Negotiations to remake the North American Free Trade Agreement resumed Wednesday amid increasing concerns of a breakdown, with President Trump continuing to threaten to withdraw from the pact and the administration planning to push several contentious proposals across the table over the next few days.
Concerns were apparent as Canadian Prime Minister Justin Trudeau met with Trump in Washington while trade negotiators from the U.S., Canada and Mexico gathered here on the other side of the Potomac River. As Trump talked about the possibility of not reaching an agreement on NAFTA — saying he could see the U.S. and Canada doing a bilateral deal to replace the pact — Trudeau maintained a straight face.
Asked whether he would be ready to sign a deal only with the U.S., Trudeau answered in French: “We’re negotiating at the moment.”
In three earlier rounds of NAFTA talks, negotiators found common ground on customs and trade facilitation, e-commerce rules and other less-controversial matters that would update the 23-year-old agreement.
But with a goal of wrapping up negotiations by the end of the year, U.S. officials are now expected to get to the crux of the talks with proposals that they see as central to advancing Trump’s “America first” agenda, even though some of those ideas are fiercely opposed by not only Mexico and Canada, but by U.S. business interests as well.
One proposal would allow NAFTA to expire after five years unless all three countries agree to renew it, according to persons who have been briefed by U.S. trade officials.
The so-called sunset provision is ostensibly aimed at giving the administration a way out, or at least greater leverage, should there be little or no improvement in the U.S. trade deficit with Mexico or Canada — something that Trump has persistently regarded as the measuring stick of whether trade agreements are working, despite widespread criticism from economists who say such thinking is flawed.
Critics of a sunset clause include the U.S. Chamber of Commerce, whose leader, Thomas Donohue, described it as one of “several poison pill proposals … that could doom the entire deal.”
“We all know that certainty and stability are crucial to successful trade relationships — and necessary to foster a pro-investment environment that drives economic growth and job creation,” he said in a particularly forceful speech Tuesday in Mexico City. “This clause would achieve the opposite effect.”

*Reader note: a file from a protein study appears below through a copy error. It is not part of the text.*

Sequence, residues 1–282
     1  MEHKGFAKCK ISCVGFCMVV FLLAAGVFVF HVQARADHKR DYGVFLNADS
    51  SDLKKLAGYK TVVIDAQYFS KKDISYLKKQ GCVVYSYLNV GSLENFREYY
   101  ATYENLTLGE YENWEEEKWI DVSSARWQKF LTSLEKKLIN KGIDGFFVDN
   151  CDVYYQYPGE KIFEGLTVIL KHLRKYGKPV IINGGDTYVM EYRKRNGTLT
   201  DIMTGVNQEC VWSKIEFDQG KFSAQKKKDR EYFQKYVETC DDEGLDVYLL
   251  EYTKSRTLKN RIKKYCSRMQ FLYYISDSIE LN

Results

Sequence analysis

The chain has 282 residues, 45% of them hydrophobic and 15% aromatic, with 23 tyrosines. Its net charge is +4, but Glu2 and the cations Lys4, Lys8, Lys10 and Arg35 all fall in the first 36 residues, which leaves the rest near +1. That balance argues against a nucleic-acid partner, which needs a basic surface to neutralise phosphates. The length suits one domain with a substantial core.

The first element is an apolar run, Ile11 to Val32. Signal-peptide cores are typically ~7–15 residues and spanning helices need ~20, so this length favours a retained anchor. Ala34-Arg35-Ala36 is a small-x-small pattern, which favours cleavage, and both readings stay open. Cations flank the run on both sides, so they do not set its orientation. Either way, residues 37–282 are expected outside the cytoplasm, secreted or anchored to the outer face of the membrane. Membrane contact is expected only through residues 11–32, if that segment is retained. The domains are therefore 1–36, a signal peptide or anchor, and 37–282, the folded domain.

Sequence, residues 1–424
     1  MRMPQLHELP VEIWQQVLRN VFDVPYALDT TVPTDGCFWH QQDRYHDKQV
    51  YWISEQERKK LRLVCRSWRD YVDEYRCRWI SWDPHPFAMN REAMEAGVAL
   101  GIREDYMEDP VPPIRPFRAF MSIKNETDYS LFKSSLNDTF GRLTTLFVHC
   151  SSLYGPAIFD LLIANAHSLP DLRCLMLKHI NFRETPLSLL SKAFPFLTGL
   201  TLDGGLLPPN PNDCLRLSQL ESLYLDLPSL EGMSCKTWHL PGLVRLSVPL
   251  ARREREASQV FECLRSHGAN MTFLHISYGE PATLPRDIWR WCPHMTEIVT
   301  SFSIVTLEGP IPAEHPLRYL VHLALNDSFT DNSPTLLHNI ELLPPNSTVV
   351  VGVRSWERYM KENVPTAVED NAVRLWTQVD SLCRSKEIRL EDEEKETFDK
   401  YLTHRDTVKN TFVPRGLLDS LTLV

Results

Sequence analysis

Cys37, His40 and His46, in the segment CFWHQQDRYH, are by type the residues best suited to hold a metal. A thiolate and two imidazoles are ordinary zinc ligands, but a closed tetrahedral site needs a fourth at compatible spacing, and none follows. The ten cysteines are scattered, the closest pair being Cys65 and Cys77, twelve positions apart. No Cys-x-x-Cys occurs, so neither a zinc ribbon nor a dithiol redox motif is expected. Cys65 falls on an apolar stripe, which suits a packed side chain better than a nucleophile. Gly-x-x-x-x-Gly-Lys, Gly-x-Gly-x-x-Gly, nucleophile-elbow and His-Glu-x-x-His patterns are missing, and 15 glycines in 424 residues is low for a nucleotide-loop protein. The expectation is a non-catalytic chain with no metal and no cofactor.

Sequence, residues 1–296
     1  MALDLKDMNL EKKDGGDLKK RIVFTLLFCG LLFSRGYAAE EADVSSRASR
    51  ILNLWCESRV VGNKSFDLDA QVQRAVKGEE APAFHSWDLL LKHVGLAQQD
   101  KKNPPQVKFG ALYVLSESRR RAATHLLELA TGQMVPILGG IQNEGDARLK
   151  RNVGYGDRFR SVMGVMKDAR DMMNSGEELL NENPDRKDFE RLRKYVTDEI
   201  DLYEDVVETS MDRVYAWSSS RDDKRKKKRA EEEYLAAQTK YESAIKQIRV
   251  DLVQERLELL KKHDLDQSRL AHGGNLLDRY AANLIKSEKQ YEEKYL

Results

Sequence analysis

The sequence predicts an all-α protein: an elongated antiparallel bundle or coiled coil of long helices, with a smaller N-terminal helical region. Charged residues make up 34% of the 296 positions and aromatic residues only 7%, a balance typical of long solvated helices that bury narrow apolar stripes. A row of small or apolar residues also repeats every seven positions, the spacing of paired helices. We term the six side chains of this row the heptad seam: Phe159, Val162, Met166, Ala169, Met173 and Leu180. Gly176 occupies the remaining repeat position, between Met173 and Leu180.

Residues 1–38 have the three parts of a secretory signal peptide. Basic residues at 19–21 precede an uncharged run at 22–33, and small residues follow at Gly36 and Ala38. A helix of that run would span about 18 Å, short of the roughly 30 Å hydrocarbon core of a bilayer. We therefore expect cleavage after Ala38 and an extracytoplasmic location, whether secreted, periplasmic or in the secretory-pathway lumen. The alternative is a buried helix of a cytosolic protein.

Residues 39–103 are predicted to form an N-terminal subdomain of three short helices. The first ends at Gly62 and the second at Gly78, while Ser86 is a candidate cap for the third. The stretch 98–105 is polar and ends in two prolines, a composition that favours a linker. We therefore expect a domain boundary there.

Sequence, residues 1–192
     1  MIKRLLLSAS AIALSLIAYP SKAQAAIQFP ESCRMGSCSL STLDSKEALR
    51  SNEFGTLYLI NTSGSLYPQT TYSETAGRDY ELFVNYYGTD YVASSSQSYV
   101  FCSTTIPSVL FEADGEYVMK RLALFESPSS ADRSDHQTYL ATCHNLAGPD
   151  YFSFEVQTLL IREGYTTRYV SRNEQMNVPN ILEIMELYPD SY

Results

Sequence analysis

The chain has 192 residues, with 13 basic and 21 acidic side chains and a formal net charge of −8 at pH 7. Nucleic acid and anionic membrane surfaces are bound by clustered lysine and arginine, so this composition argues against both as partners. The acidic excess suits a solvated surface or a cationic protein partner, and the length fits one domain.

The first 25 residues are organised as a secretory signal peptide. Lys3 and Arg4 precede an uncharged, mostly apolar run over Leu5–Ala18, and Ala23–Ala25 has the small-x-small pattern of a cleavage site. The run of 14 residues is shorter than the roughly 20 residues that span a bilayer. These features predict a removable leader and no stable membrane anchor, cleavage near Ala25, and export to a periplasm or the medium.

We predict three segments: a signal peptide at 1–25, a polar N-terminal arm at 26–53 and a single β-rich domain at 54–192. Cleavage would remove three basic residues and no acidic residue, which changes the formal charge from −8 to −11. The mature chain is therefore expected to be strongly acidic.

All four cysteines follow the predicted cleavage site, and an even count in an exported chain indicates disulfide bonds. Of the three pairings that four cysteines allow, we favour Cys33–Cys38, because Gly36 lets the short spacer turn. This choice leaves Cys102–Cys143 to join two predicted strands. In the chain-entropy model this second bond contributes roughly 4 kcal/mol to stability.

“We’ve reached a critical moment,” Donohue added. “The chamber has had no choice but to ring the alarm bells.”
The U.S. auto industry, in particular, has ramped up lobbying efforts in recent days. While Trump has cast himself as a champion of U.S. manufacturing, the domestic car industry fears that the administration’s overhaul of NAFTA could wreck the complex, integrated North American supply chain that has taken decades to develop.
Under current NAFTA rules, vehicles that are manufactured with at least 62.5% of contents from any combination of the three countries can be shipped from one NAFTA nation to another without paying duties.
Trump’s trade officials want to raise that origin-of-content requirement to as much as 85%, which would make it more costly for U.S. car firms to source parts from non-NAFTA countries. But, more significantly, U.S. negotiators are expected to seek a new requirement that 50% of the contents of autos are made in the U.S. before those goods can be shipped across North American borders without duties.
Opponents of a U.S.-specific content clause argue that such a provision is contrary to a trade agreement whose basis is the North American regional economy, not any individual country. On top of that, U.S. auto executives say that carrying out that mandate would be a bureaucratic nightmare and costly, ultimately making cars more expensive for consumers.
Mexican officials, in particular, have recoiled at a country-specific rule of origin as their nation has attracted many auto parts and assembly operations in recent years that employ hundreds of thousands of workers.
Other thorny issues that are likely to come up in this fourth round of talks include a U.S. proposal to weaken the right of private investors and companies to sue governments — a proposal that has strong backing from organized labor and civil society groups. The Trump administration also wants to eliminate a NAFTA chapter that has allowed Mexico and Canada, in particular, to contest U.S. anti-dumping and government-subsidy tariff decisions by turning to a NAFTA panel of judges.
U.S. trade officials have told outside advisors that they are planning seven rounds of talks before Christmas. Their hope is to have a deal in principle in place by the end of the year, or early 2018 at the latest, to avoid political complications in Mexico’s presidential vote in the summer and the U.S. midterm elections later in the fall.
But most trade experts doubt they can meet such an aggressive timetable. And in a signal anticipating the challenges ahead, U.S. Trade Representative Robert Lighthizer said Wednesday that this latest round would be extended through next Tuesday, two more days than originally planned.
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